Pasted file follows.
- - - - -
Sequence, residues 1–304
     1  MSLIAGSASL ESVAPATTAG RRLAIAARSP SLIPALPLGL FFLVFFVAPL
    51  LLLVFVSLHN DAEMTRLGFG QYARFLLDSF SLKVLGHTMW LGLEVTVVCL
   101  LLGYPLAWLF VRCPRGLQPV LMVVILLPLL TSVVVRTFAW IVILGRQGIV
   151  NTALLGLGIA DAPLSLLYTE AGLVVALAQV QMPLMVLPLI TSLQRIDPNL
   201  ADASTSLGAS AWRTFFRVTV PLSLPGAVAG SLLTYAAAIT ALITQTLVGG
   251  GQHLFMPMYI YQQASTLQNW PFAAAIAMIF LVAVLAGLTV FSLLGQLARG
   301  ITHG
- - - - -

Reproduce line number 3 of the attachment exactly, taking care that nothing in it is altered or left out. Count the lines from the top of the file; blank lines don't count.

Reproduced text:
    51  LLLVFVSLHN DAEMTRLGFG QYARFLLDSF SLKVLGHTMW LGLEVTVVCL